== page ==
As I was ripping the stitches along the inside seam, I thought… Sometimes in life it feels like we’re being torn apart.  But actually in the hard times and through and despite difficulties, it could be that the Lord is bringing about change and transformation.  From the old pair of jeans I no longer wore, to a much more beautiful and wearable skirt.  Hang in there if things are tough – a transformation may be happening and on the way, bringing about something glorious!

 

A change for a short season

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Between Easter and Pentecost, I plan to do something a little different.  Here’s a hint:

EVELYN IN THE GARDEN

If you can’t spot it, I plan to eat a Vegan diet for the next fifty days.  You may ask or wonder why.  & In a sense, I’m not entirely sure myself.  But that I have read a few articles, such as this one, over the past few months about athletes who have adopted a vegan diet, and note quicker recovery times and feeling less sluggish and thus that they have more energy.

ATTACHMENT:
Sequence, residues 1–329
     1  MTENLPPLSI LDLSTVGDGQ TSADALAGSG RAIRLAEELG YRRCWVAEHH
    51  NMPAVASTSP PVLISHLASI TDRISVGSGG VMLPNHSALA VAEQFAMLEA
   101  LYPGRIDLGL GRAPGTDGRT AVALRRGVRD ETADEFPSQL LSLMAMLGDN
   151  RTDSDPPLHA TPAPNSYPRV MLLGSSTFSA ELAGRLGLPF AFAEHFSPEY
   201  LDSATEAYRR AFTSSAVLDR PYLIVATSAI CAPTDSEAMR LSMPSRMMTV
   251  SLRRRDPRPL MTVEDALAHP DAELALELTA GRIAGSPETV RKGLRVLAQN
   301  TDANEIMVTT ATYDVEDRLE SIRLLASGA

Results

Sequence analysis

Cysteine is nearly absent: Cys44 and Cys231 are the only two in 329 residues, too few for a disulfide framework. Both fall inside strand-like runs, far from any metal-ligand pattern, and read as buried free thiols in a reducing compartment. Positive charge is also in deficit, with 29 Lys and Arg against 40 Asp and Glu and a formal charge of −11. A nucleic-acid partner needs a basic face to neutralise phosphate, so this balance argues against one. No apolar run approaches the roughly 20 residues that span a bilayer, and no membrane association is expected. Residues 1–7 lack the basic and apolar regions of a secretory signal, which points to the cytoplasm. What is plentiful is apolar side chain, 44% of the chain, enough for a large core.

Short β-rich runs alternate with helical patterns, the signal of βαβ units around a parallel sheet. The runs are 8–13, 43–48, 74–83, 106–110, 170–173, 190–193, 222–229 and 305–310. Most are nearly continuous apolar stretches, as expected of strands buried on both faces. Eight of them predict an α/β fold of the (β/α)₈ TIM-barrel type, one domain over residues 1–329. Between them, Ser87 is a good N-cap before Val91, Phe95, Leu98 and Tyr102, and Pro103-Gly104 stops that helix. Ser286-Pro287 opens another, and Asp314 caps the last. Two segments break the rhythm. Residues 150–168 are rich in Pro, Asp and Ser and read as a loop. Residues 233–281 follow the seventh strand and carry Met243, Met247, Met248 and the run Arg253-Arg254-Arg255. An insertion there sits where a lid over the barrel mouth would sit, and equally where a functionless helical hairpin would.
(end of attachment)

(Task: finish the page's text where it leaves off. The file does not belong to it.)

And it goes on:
So I’m going to give it a go.  I did my usual supermarket shop earlier today and for the first time ever, I intentionally didn’t put any meat; fish; milk; eggs or any other animal products in my trolley.  Instead, in went almond milk, almonds (with which I promptly made a batch of almond butter); extra veg (which I may use to make a bacon substitute – see here!), as well as the usual porridge oats, bread, fruit and veg, and some healthy ish snacks.

Over the next few weeks, I may well post a little bit about how I get on and what I end up eating as well as reflections on it.
For the menu this week, I plan to rustle up a batch of Leon Gobi (aka cauliflower curry) which should last me a few nights, and Portobello mushroom burgers, adopted from my first foray into the UK based ‘Boston Tea Party‘ eatery (sadly no longer on the menu).

In the meantime, may you reflect on a Happy Easter!

 

Summer Time Cushion

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I ended up making a cushion cover tonight.  An impromptu act, but something I’d been hoping to learn to make for some time.